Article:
- Jackson Pollock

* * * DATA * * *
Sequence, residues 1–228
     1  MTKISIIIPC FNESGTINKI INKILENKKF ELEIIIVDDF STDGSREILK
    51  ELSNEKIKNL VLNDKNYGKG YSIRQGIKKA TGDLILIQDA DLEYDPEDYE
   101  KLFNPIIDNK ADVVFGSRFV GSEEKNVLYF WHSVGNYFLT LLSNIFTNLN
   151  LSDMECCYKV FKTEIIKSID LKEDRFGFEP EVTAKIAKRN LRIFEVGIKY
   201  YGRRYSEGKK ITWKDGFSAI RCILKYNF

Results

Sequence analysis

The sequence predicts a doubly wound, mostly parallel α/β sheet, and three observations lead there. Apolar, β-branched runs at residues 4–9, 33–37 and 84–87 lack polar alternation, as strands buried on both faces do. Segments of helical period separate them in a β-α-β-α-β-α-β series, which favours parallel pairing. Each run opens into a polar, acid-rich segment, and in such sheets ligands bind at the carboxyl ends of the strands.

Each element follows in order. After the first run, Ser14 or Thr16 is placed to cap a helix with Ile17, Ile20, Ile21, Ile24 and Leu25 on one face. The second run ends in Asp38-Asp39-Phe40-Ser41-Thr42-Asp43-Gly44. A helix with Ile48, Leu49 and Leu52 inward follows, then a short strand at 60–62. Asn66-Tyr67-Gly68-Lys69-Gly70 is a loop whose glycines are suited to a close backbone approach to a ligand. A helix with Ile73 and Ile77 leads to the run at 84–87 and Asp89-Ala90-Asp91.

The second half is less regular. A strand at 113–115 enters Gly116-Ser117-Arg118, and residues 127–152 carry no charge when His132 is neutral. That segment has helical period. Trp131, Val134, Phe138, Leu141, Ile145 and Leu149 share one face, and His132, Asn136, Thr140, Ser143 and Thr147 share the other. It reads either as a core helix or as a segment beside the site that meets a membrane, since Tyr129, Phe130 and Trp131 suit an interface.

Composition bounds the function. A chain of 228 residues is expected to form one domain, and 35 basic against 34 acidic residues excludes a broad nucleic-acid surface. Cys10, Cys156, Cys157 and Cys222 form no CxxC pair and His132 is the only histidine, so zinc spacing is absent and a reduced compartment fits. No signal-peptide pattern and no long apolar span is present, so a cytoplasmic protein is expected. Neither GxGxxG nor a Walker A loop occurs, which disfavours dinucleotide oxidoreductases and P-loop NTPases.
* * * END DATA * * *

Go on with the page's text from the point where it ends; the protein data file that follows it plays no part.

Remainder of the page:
Boasting an aesthetically arresting but subtly nuanced surface of intricately dripped layers of poured oil, enamel, and aluminum paint, Number 32, 1949 radiates with one of the richest and most fully painted surfaces of the entire series. Brilliant bursts of red, bright orange, yellow and green enamel punctuate a nearly impenetrable thicket of black and ochre splatters extending to the very edges of the composition. The numerous layers of deep black and delicate eggshell paint build up a rich, fully covered surface so that the ground is completely obscured. Atop this boldly painted palimpsest, silver skeins whisk across the surface in a frenzied and gestural dance of iridescent reflections. The metallic luster of the aluminum paint scintillates in thin spangles, creating a luminous glimmer that shifts in varying lights. Each flick, pour and puddle of paint reveals the velocity with which it was flung, yet Pollock’s genius is in the boldly and seemingly spontaneously splashed and dripped paint that belies an extraordinary degree of control. As brilliantly captured in Hans Namuth’s now famous photographs of the artist, Pollock treated his surfaces as a stage for artistic performance. In contrast to his best-known monumental canvases of the previous years, Pollock executed Number 32, 1949 within a more intimate format, confining his broad sweeping gestures to more controlled flicks of the wrist. These smaller scaled works allowed Pollock to more closely investigate the ingenuity of his drip technique and the subtleties of his artistic practice: chromatic nuances, the vigor of his gestures, the density of his paint, and the way the many layers of his drips coalesced in the final work.